The recent collapse of a near-thirty-year ceasefire in the disputed Western Sahara risks turning into a humanitarian crisis and undermining regional stability. Hostilities between Morocco and the Polisario Front — a Sahrawi independence movement — resumed last month after a 1991 ceasefire between the two parties broke down. The tensions that led to this most recent outbreak of violence, however, have been repeatedly met by silence in the UN Security Council. Member states have consistently chosen to preserve an untenable status quo. Meanwhile, UN Secretary-General Antonio Guterres has failed to appoint a Personal Envoy to Western Sahara since the previous envoy resigned more than 18 months ago. The United States and other UN leadership must finally step up and act to ensure a mutually agreeable political solution to the conflict is found before it’s too late.
In Western Sahara, a former Spanish colony, conflict between Morocco and the Polisario Front began in earnest following the withdrawal of Spain from the region in 1975. During the subsequent war, Morocco took control of roughly 80% of the disputed territory and tens of thousands of Sahrawis fled to makeshift refugee camps in the southwestern Algerian desert, where they have remained for the past 45 years. Aceasefire was signed in 1991 and the UN established MINURSO, a peacekeeping mission whose central mandate remains to “organize and ensure a free and fair referendum” on independence for the territory.
The current situation in Western Sahara throws into stark relief the failures of international diplomacy by the UN Security Council and the entire UN system.
This latest round of fighting, the most serious since the ceasefire, began at a small border crossing in the demilitarized zone between Western Sahara and Mauritania, where Sahrawi protesters gathered in late October to decry widely-alleged human rights abuses in Moroccan-controlled Western Sahara and the UN’s inaction in organizing a referendum on the region’s independence. On November 13, the Moroccan military launched a military operation to break these protests up by force. These actions have led to a larger conflict between Morocco and the Polisario, who declared the 1991 ceasefire “over” later that day.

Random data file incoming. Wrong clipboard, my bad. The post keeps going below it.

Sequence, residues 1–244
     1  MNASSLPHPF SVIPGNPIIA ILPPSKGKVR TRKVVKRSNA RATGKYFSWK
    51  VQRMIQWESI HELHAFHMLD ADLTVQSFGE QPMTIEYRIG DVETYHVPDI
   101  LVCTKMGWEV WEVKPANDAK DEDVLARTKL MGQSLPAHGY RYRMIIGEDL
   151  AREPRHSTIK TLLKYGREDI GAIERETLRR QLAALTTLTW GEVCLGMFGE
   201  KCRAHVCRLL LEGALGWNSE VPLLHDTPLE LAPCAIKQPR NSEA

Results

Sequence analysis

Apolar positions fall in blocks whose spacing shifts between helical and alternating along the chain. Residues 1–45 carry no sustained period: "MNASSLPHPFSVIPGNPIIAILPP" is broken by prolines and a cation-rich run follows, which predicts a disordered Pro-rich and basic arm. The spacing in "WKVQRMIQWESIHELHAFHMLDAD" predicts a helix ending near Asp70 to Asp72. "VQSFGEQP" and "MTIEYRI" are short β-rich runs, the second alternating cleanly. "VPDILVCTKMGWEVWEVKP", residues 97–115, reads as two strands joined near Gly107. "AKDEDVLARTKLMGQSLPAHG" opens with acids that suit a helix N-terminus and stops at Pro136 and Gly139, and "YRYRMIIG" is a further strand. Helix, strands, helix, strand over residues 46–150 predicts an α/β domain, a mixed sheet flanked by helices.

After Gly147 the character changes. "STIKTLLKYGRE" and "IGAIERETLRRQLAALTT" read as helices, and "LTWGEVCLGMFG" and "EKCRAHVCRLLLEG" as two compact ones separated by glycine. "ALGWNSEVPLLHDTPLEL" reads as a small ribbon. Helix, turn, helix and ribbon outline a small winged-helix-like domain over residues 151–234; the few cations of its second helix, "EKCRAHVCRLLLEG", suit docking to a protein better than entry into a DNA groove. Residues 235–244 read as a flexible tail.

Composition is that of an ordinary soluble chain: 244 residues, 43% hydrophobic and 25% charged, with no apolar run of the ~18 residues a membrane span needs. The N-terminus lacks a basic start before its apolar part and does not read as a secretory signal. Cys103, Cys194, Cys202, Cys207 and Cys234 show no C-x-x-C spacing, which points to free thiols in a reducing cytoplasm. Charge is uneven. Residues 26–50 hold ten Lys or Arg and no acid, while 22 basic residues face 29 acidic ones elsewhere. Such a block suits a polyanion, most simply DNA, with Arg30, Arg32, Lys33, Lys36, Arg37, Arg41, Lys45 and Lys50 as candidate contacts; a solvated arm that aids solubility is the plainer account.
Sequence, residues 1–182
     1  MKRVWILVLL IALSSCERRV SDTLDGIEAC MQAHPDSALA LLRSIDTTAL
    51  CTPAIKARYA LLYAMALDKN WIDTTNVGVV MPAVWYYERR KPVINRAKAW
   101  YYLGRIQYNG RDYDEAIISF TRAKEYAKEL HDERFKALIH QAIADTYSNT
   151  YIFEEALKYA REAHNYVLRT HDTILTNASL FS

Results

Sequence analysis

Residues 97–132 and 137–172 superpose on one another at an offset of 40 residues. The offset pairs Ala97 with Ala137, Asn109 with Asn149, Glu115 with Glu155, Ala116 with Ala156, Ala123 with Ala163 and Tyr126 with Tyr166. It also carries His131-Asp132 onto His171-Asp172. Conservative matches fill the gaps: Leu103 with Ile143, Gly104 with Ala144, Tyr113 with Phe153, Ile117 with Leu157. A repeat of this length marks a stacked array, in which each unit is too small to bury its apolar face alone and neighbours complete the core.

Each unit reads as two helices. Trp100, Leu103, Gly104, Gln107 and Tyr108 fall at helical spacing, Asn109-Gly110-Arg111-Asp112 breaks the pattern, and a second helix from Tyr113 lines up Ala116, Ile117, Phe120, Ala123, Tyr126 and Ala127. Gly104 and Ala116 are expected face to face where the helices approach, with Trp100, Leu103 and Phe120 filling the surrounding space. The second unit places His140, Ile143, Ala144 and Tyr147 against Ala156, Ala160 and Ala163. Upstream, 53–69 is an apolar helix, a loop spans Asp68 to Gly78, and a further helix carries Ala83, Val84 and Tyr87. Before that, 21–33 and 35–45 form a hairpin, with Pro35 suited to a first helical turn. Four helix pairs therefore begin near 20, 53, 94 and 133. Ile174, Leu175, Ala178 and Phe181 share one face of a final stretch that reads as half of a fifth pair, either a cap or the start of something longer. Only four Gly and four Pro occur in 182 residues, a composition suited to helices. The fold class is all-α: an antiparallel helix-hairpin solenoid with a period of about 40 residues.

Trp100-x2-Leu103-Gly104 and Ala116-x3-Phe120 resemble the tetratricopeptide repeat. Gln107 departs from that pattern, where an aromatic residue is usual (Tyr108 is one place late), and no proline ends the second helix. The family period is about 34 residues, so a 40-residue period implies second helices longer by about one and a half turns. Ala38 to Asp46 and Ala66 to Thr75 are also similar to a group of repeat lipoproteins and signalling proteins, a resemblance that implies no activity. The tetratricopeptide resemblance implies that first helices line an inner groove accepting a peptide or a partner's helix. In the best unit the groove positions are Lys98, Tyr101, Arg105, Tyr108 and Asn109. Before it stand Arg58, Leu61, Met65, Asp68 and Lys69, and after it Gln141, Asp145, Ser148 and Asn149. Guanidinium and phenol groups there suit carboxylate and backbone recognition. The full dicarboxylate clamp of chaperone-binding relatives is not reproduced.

The current situation in Western Sahara throws into stark relief the failures of international diplomacy by the UN Security Council and the entire UN system. Nearly 30 years have passed since MINURSO was established, yet little has changed for the Sahrawi people. The long-promised referendum on independence has yet to materialize, and the Sahrawi people are no closer to an end to their exile in Algeria than they were in 1991. While a spokesman for Secretary-General Guterres said “MINURSO is committed to continue implementing its mandate,” it is clear that the abject failure of MINURSO to implement its mandate is a leading cause of this restart in hostilities.
Despite its overall failure, the UN has made some recent progress toward a political solution. The most recent UN envoy to Western Sahara, Horst Köhler, was able to bring together both Morocco and the Polisario Front for constructive dialogue in Geneva in 2018. Yet since Köhler’s resignation in May 2019, Secretary-General Guterres has failed to appoint a new Personal Envoy, thus scuttling any potential positive momentum.
Western Sahara has been a victim of stop-start diplomacy and the status quo for far too long. Sahrawis in the refugee camps, abandoned by international diplomats and policymakers, have decided to take their situation into their own hands in a last-ditch effort to draw global attention to their plight. It does not have to be this way.
The resurgence of fighting in Western Sahara must spur UN leadership into urgent action. To resolve this conflict without significant loss of life on both sides, Secretary-General Guterres must immediately appoint a new Personal Envoy who can convene both Morocco and the Polisario Front for constructive talks. The UN Security Council must also at long last launch a legitimate political process leading to a referendum and a mutually agreeable solution. Now is the time for the UN to finally make good on its commitments to Western Sahara.
Alexander Bertschi Wrigley (@BertschiWrigley) is an Emerging Expert on security sector assistance in the Maghreb with the Forum on the Arms Trade and holds an MA in International Security with a focus on North Africa from Sciences Po Paris.